If you want to understand the growth of the out-of-home (OOH) industry in the UK, you could simply review the recent market figures.

After all, OOH revenue in the UK increased by a whopping 8.1% in the final quarter of 2018, contributing to total annual revenue of £1,209 million (which also rose by an impressive 5.7% in relation to the previous years’ figures).

Even if you’re someone who’s inherently suspicious about facts and figures, the fact that online giants like Facebook and Google continue to invest heavily in OOH and billboard advertising should be proof enough that these mediums offer increasing value in a digital-dominated world.

But why do these behemoths leverage billboard advertising, and how is OOH able to remain so competitive in the age of social media

Trust and Value – The Benefits of OOH vs. Social Media

In truth, there are many reasons why prominent online brands like Google leverage OOH media, aside from the fact that they recognise the importance of integrated marketing campaigns in the modern age.

Firstly, it’s important to understand the way in which digital ads have saturated the online space, with the average Internet user now exposed to an estimated 4,000 promotions each and every day.

In addition to the sheer volume of unsolicited ads that users are exposed to online, new research from Kantar suggests that 54% of UK customers object to the publication targeted adverts that are based on their historic online activity.

This sustained saturation has created a scenario where only 11% of customers actually enjoy seeing ads online, leading a marked decline in trust between brands and the audiences that they look to engage with.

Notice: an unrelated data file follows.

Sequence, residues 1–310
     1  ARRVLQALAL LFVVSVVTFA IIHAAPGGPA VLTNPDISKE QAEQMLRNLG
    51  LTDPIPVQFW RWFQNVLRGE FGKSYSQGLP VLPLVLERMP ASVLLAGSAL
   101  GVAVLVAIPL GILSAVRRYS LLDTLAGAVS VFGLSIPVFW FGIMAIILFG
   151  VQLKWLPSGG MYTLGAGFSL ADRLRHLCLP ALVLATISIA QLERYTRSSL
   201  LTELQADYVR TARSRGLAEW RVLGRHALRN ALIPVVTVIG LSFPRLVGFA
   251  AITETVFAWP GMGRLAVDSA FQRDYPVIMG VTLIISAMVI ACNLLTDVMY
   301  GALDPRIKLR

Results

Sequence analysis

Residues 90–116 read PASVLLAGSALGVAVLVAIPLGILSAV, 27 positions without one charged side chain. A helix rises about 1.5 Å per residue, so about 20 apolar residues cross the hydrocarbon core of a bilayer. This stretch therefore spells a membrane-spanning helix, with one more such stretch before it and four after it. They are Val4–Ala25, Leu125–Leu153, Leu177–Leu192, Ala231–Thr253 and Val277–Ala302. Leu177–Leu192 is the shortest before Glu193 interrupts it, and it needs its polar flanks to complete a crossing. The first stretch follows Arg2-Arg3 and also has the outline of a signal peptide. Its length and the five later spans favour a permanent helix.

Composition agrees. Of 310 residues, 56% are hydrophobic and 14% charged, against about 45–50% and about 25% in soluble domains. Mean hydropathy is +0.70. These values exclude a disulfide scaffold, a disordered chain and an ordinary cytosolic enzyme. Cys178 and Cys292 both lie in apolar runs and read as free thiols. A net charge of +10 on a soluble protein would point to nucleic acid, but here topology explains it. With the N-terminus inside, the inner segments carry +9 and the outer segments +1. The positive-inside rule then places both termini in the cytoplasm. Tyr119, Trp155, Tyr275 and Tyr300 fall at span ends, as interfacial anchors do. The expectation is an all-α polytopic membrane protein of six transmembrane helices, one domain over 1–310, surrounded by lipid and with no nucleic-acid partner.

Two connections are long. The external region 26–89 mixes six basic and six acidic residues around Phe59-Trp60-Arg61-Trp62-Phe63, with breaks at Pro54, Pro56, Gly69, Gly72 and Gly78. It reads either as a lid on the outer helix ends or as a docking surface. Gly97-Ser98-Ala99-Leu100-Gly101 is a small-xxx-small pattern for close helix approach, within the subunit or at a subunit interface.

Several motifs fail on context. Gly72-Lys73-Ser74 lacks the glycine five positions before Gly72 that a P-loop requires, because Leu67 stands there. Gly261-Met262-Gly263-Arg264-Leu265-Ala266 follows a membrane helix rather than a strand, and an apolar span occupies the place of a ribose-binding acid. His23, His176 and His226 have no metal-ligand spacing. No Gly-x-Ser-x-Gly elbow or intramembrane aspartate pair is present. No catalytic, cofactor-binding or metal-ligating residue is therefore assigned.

This level of mistrust is particularly prominent amongst the increasingly influential Millennial demographic, who are far more likely to use ad-blocking software on one or more of their various devices.

Ad Blocker

More specifically, a staggering 43% of UK Internet users in the 18 to 24 age range utilised this type of software to avoid digital ads in 2018, compared with just 22% of the overall population in Great Britain.

Make no mistake; data-savvy firms like Facebook and Google are aware of the growing levels of apathy that are shown towards online advertising (particularly amongst younger audiences), which is why they’re increasingly likely to create integrated campaigns that leverage more organic OOH marketing channels.

This issue also brings us neatly on the value proposition provided by OOH media, which is eminently affordable and arguably delivers a superior return in comparison with alternative mediums.

There are numerous ways in which this can be measured, with one of the most accurate involving the CPM (cost per mile). 

This is the longstanding term used by advertisers for the so-called cost per thousand, which indicates how many impressions you can expect to receive when investing a specified amount in specific advertising channels.

Measuring this can be challenging, whilst the figures will also vary according to a number of different factors. 

According to the Outdoor Advertising Association of America, however, the average CPM for large-scale 48 or 96-sheet billboards is between $3 (£2.29) and $18 (£13.72). For smaller posters, the range is slightly lower, with the average CPM between $1 (£0.76) and $13 (£9.91).

To put these figures into some form of context, the lower and more competitive CPM values would relate to traditional and paper-based billboards, rather than digital alternatives (we’ll touch further on this later).